Episode 4 is a show about resilience and perseverance. Our guest is Alison Rowe, CEO of the Moreland Energy Foundation and the inaugural Chairwoman of the Future Business Council, among other Executive and Non-Executive Board Directorships. Having started her working life in the Navy and finding herself driving warships at the age of 22, Alison brings a strategic approach to the organisations she is involved with.
From an early age, Alison learned the benefits of failing fast, failing early, and most important, trying again. It takes time to build courage and resilience, but these are vital characteristics of an effective CEO and Director. You need to be willing to try innovative things and be willing to failing in order to achieve something great.
We get into a wide range of topics, including…
- Techniques for building and developing resilience and accepting failure
- Unintentionally becoming a non-conformist
- Having trusted advisors outside of the boardroom that you can reflect with and get any feedback you need
- Having courage and making decisions when you don’t have all of the information
- Being comfortable with the fact that you will never have 99.9% of the inputs, and how you can harness your skills and experience to still achieve the desired outcomes
- Developing a ‘Risk Appetite Statement’ to allow you to walk the tightrope between managing risk appropriately but maintaining innovation and entrepreneurialism
- Having multiple pathways and a complex web of stakeholders through which you can influence outcomes, so that you don’t have any single point of failure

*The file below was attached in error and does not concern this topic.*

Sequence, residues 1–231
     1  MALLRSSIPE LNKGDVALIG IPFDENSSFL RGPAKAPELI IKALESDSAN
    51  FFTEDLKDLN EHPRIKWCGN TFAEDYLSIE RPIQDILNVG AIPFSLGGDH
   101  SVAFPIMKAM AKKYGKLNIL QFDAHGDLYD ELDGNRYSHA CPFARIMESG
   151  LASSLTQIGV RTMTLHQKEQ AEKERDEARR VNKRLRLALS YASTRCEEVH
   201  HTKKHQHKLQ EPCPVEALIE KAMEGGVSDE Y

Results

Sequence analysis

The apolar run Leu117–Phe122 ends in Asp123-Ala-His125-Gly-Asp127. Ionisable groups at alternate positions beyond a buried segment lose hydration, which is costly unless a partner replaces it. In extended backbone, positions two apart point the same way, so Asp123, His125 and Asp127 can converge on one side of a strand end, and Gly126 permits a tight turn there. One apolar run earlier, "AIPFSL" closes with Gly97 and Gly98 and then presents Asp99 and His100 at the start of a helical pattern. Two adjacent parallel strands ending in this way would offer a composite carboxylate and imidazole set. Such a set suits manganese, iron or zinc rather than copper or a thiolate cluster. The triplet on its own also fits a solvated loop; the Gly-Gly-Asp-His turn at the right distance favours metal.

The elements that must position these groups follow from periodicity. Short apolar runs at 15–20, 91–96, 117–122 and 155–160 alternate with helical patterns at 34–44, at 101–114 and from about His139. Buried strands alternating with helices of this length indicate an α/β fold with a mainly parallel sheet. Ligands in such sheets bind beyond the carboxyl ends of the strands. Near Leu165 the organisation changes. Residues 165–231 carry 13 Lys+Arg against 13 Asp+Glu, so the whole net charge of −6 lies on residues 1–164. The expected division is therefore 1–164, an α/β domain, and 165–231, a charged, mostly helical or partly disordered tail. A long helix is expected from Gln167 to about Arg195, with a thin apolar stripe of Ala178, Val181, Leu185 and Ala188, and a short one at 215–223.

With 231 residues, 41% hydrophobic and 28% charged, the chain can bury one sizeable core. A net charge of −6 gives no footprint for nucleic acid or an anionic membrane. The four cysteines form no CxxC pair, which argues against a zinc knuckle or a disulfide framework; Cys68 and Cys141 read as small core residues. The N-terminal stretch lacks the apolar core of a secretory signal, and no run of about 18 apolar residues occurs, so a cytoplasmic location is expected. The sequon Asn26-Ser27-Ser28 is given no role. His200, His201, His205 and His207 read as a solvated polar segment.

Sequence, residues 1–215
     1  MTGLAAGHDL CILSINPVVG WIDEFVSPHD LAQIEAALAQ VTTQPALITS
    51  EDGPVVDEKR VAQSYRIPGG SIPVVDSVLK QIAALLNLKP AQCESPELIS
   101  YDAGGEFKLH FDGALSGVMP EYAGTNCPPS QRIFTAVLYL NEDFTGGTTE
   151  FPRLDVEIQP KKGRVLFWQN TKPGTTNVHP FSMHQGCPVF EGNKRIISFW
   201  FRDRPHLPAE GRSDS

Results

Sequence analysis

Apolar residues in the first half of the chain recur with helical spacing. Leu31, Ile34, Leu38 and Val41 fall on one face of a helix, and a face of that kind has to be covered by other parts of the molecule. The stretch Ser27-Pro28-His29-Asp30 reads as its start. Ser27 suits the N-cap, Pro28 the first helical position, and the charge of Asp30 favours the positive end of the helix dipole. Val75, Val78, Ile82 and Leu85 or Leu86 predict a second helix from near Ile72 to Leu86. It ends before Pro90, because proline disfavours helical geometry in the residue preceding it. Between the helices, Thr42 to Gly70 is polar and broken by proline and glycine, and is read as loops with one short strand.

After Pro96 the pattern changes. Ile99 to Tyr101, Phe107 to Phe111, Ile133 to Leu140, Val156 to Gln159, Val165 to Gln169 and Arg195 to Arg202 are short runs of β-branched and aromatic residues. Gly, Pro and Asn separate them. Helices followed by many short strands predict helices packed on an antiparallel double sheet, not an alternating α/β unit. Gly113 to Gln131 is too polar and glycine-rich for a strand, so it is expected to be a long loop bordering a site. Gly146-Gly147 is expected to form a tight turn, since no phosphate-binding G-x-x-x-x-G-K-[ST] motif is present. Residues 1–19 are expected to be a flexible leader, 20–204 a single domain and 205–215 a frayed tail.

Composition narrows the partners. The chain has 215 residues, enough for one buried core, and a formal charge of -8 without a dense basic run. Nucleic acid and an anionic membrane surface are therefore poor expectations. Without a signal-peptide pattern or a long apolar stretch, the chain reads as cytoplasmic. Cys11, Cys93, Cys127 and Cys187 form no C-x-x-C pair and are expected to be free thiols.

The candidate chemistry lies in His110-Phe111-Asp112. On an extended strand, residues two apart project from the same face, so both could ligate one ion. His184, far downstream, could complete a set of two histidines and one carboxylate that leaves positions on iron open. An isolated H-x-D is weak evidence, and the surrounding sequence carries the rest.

- Having an appropriate Decision Making approach so boards members feel empowered
- The different size boards required for different stages of growth in startups
And much more!
Actions you can take:
- Look after yourself and try to build in a proper work-life balance as best as you can. Also, do things you enjoy and make the work environment fun.
- Recognise that it’s natural to have regular confidence blows and think “I could’ve done something better”. But, as leaders we have to make decisions and we have to back ourselves. Realise that if it turns out to be the wrong decision, that’s OK. You need to accept the fact that you’ll very rarely have 99.9% of the information in order to make a decision, so you have to trust your experiences and your resources to make decisions. No one is perfect.
- Think about getting a good coach. An external coach is someone you can reflect with and talk to outside of your circle that can give you the feedback that you need.